Former MP slams government’s move to privatise power sector

Ramadass urges Puducherry government to withdraw privatisation tender and express inability to ursue proposal through a special Assembly resolution

September 30, 2022 08:21 pm | Updated 08:21 pm IST - PUDUCHERRY

Former Member of Parliament M. Ramadass has appealed to the Puducherry government to withdraw the electricity privatisation tender and express inability to pursue the proposal through a special Assembly resolution.

In a statement, Mr. Ramadass said a dispassionate analysis of the situation where the employees, political parties and the public have launched protests against privatisation should convince the government to withdraw the tender notice, convene a special Assembly session and inform the Government of India of the inability of the Puducherry government to proceed with the process of privatisation.

“Proceeding further in the direction of privatisation may only invite legal litigations and public furore,” he said.

Terming the tender that paves the pathway for privatisation of Electricity Department (ED) an ill advised and unjustified move, Mr. Ramadass said the development reflects the obdurate attitude of the Central government and the complete failure of the apathetic Puducherry government led by Chief Minister N.Rangasamy to protect the 112-year-old property of the people of Puducherry.

“The tender notice leaves many questions unanswered, especially what the criteria was for pegging the bid security amount at ₹27 crore. Does it portray the total value of the shares of the distribution company or the value of both the shares and the total assets of the Department? Who will assess the value of assets? Will the assets be valued at current market price or at the original price at which the asset was created 50 years ago or 20 years ago and who will be responsible for the deposits made by the consumers to the ED?,” Mr. Ramadass asked.

Electricity being a public good like water, road, is a critical input for the promotion of public welfare and it should have been his prime and bounden duty to ensure its continued public distribution at all costs. The Chief Minister should have prepared a detailed and cogent case against privatisation based on empirical and historical data, discussed it in a specially convened Assembly Session, passed an unanimous resolution against privatisation as done by previous government and told the Centre that the vibrant Electricity Department should not be privatised. By not doing so, the Chief Minister has voluntarily surrendered and sacrificed the public interest of Puducherry, he said.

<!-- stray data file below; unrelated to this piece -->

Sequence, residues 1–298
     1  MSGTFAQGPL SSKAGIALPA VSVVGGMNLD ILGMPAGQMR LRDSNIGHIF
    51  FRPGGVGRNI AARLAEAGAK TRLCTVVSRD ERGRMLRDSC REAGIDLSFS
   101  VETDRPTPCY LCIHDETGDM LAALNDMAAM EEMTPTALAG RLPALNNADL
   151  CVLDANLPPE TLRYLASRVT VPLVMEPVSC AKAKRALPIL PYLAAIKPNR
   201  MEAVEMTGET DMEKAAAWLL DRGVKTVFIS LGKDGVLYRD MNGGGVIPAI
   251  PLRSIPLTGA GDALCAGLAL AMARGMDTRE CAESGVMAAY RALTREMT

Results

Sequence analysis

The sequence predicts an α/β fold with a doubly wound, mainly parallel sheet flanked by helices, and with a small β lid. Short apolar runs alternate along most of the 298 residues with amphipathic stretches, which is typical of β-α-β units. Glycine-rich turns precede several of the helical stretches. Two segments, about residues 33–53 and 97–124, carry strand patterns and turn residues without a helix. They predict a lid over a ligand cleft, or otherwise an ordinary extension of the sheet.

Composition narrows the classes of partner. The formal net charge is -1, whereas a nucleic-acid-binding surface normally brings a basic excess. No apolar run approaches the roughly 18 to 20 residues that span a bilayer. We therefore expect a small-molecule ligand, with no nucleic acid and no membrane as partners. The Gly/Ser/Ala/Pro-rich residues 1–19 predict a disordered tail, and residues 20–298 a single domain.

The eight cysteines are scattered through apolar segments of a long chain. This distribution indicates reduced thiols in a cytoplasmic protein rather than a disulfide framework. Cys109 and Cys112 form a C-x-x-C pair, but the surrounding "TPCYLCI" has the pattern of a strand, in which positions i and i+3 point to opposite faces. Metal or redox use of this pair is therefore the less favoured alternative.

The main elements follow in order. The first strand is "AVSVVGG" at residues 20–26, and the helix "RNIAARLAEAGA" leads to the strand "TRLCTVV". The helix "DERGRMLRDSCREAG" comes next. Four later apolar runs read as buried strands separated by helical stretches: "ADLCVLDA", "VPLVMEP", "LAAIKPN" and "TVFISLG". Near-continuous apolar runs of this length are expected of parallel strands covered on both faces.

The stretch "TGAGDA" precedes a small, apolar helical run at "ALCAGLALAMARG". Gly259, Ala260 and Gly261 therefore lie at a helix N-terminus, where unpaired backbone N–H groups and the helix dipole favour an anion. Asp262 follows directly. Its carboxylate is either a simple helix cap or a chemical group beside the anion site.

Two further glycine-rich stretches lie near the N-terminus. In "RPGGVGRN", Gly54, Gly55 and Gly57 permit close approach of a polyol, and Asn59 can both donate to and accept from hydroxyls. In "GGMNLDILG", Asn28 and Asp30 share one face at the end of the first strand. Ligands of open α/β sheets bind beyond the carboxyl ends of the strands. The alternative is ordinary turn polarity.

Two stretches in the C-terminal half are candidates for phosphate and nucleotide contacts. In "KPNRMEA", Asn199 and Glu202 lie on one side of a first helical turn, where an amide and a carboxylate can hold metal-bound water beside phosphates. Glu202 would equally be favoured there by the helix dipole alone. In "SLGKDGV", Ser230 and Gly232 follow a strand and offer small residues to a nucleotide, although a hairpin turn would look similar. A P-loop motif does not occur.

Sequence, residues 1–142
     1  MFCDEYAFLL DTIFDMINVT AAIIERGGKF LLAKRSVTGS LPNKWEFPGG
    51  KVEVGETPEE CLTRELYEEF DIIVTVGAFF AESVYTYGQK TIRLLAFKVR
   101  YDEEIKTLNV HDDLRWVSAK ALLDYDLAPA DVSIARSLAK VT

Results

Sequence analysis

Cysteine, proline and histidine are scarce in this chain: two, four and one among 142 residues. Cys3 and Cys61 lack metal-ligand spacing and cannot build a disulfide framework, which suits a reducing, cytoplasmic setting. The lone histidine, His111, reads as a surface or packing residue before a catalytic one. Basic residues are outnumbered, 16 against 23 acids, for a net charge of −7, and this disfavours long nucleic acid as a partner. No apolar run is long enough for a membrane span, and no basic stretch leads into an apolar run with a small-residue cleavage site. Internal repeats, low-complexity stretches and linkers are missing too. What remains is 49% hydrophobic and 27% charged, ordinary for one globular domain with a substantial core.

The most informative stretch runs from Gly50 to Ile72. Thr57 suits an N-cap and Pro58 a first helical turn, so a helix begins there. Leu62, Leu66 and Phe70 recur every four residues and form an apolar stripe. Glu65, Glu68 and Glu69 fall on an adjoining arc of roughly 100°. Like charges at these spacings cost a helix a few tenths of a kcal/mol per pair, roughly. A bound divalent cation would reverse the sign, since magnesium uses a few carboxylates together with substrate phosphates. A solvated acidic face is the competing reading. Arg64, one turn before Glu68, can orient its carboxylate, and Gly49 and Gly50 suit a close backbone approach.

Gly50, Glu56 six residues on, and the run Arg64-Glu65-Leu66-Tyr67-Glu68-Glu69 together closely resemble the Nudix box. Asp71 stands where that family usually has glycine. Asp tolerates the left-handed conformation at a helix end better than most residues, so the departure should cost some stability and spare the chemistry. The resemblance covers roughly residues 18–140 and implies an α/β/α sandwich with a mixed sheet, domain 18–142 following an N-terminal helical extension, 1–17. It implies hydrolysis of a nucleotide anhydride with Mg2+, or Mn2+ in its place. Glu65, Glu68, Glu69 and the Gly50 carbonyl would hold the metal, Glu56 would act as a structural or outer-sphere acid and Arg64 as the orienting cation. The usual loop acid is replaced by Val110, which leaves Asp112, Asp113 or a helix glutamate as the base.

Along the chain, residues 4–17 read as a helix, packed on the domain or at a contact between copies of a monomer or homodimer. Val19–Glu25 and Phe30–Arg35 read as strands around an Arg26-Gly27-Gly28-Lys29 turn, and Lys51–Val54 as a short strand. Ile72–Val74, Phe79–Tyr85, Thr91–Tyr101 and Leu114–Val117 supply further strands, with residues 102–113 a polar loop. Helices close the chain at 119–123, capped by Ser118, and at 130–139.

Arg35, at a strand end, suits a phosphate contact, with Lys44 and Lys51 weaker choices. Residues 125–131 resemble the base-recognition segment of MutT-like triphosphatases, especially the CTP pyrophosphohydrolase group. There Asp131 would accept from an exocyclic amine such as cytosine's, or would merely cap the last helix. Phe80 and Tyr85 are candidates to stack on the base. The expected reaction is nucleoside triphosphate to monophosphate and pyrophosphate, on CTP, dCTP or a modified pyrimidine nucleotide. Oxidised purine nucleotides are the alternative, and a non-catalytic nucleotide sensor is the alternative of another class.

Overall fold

According to Mr. Ramadass, privatisation was not a policy as contended by the Lieutenant Governor, but only a method of reducing or wiping out losses in a public concern. Privatisation of ED is not warranted on several grounds, primarily as it is not afflicted by grave problems of losses in the distribution of electricity, and, on the contrary in the three-year period from 2017-18, earned a profit of ₹49.18 crore.

Since there is no generation of electricity, the question of operational and financial inefficiencies in generation, higher purchase cost, requirement of bulk investment from the private sector or government which are cited as critical concerns for privatisation do not exist in Puducherry. Normally, 80% of losses occur in Territories or States with power generation utilities which means that Puducherry does not encounter such a problem. The Aggregate Technical and Commercial (AT&C) loss is much lower than the 15% prescribed for privatisation, Mr. Ramadass said.

The two major objectives of 2020 Electricity Bill, namely, protecting the interests of consumers and providing access to quality supply at cheaper tariff are more than achieved by ED. The objective of ensuring healthy growth of the power sector is also accomplished as the electricity purchased made a quantum jump from 96 Million Units (MU) in 1970-71 to 3,322 MU in 2019-20 denoting 35 fold increase. The quantity of electricity sold has grown from 82.8 MU in 1970-71 to 2,830 Mu in 2019-20 implying an increase of 34.2 times .

The government investment on electricity increased from just ₹0.22 crore in 1970-71 to ₹11.58 crore in 1990-91 and it escalated phenomenally to ₹1,736.71 crore in 2020. In the current Budget, an allocation of ₹1,697.33 crore has been made. The per capita consumption of electricity is now as high as 2031 KWH, one of the highest in India and the cost per unit is perhaps the lowest in the country.

It is pertinent to ask whether all that was built in the last 65 years should be handed over to a private player on a platter at a throw away price. He also questioned the rationale for privatising a profit-making and robust enterprise without examining the facts and figures and diagnosing the real situation.

According to Mr. Ramadass, a private player is not even an imperfect substitute to a strong department. A potential consequence could be a two way exploitation — of consumers by hiking existing tariff under some pretext, and of employees by wage cutting and retrenchment policies. By maximising his profits and filling his coffer, he may proclaim to be more efficient but at a heavy loss of public welfare.

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